It is noon on a Saturday in early September in Kuala Lumpur, Malaysia. While her peers are most likely spending their weekend without a strict schedule, Amira Chulkova, 16, is conducting a class called 'Ballet of Hope" to a group of young refugee girls.
Rows of little girls, most of them from war-torn Syria, some from Afghanistan, have come to the class, situated in an apartment near the bustling city centre. For the next one hour, Amira gently guides them, some of them as young as four, to standard ballet routines.
Some of the girls are graceful, while some still have awkward little limbs. Classical music plays. They dance to the rhythm which starts slow at first but picks up as the class goes on. Some of the girls fall, but pick themselves up again. Amira leads them patiently, cheering them on.
One little girl in ringlets keeps smiling and looking to the back at the room, distracted. Another girl, Maya, is studious and focused and follows her teacher’s directions as precise as she can.
Amira is from Siberia and came to Malaysia five years ago with her mother Katerina. Katerina believes her daughter should benefit from the education system here and learn English.
Amira started the classes in July. She was painting a school voluntarily when her mother came up with the idea for Amira to teach ballet classes – totally free of charge – to refugee girls. Hasan Al-Akraa, a Syrian refugee friend of theirs who also lives in Kuala Lumpur, gathered the group of girls.
“Ballet is very graceful, like theater, but instead of words you speak with the movement of your dance,” Amira says.
“When I taught my first lesson, I was very nervous. I thought that the children wouldn’t like the way I teach, but then in the next lesson I felt good about myself. There were a lot of children and all of them were happy to see me and I was very pleased to see them,” she says.
Amira maintains her schedule with discipline. She wakes up each weekday at 6 am and goes to an international school in the city. Her favorite subjects are English and sociology and she dislikes mathematics and ICT. Aside from practicing ballet, she also enjoys painting, sketching and playing the piano. When she is not busy revising her schoolwork, she helps her mother with chores.
Amira began learning ballet when she was small.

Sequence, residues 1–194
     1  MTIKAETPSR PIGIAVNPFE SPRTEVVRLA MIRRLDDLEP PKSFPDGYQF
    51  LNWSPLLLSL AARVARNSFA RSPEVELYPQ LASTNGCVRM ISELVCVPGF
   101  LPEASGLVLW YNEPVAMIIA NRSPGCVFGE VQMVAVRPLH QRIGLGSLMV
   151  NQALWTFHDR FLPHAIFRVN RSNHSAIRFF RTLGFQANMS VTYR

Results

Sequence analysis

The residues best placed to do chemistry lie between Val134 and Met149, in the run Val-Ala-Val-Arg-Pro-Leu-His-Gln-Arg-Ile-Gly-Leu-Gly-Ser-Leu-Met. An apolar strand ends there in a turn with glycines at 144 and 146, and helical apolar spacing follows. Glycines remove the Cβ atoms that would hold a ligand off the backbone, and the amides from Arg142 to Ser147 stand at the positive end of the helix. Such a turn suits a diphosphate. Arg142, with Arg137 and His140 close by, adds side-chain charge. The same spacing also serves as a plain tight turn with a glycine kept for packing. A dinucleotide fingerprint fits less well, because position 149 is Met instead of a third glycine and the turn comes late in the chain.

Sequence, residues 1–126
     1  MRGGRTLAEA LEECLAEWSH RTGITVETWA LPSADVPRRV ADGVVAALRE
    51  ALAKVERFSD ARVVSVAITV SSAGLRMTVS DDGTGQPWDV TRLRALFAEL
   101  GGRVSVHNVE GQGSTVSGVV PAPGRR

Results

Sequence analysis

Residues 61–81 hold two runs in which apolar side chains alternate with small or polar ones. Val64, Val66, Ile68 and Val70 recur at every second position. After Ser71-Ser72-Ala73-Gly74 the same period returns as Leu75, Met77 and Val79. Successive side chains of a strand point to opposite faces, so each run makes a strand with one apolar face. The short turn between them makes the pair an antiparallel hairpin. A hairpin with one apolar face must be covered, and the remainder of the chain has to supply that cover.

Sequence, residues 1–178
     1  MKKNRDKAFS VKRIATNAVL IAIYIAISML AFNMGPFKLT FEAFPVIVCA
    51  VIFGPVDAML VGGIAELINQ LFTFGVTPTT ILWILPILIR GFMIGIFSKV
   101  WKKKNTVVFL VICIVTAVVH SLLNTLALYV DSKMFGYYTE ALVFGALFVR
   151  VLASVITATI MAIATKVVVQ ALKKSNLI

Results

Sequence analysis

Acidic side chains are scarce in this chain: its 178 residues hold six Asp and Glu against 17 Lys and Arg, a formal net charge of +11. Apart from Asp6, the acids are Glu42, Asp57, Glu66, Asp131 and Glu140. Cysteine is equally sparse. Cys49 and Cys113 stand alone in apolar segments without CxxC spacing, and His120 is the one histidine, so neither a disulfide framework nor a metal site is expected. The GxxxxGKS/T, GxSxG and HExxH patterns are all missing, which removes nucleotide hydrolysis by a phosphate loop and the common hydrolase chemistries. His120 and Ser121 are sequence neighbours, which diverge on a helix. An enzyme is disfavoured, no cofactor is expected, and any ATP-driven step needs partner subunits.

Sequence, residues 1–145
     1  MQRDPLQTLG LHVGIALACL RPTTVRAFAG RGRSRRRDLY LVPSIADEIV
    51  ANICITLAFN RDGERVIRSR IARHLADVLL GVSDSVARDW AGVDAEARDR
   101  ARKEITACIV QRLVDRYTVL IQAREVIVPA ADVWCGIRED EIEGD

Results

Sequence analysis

“I had a lot of classes in my childhood - not only ballet, but also piano, drawing, solfeggio and chorus. My mother also often took me to the opera and ballet theater. This is one of the biggest and greatest theaters. This place inspired me to practice ballet with its beauty and big stage,” she says.
So what motivates her to teach?
“I love to share my creativity and exchange knowledge with others,” she says. “I really love the kids. Girls need to be elegant, tall and happy.”
Speaking of the benefits of the class, Amira says, “Classical music training has a positive psychological effect. It influences their mood in a positive way. It will help them to be more confident in the future.”
Since the classes started, Amira has seen improvement in her students.
“I noticed that many girls start spinning their backs, their neck are lengthened and some of them remember the movements well. I am proud that they have performed at an Eid event,” she says.
Outside the room, parents wait.
Wafa, a 28-year-old refugee from Syria and mother to the studious girl Maya, says she is very happy that her daughter is taking the classes and recommends other parents to send their daughters too.
Inside, the girls clearly enjoy the class. It is not hard to figure out why: Sure, Amira is strict, but she is also gentle and patient.
“I hope the girls will continue to do ballet as they grow up. I hope they will get a lot of happiness and joy in the movements,” she says.
“But most of all, I want them to feel like a princess.”
The views and opinions expressed in this article are those of the author(s) and do not necessarily reflect the official policy or position of Muslim World Today.